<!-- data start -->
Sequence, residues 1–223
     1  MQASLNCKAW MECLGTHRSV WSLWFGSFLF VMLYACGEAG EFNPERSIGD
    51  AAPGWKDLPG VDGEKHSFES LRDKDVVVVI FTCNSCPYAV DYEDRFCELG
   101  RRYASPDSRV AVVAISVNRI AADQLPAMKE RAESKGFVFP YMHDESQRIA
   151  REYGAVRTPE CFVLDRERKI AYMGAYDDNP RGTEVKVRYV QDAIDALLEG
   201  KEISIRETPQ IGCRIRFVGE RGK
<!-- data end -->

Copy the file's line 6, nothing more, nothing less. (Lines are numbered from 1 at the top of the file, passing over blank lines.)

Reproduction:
   201  KEISIRETPQ IGCRIRFVGE RGK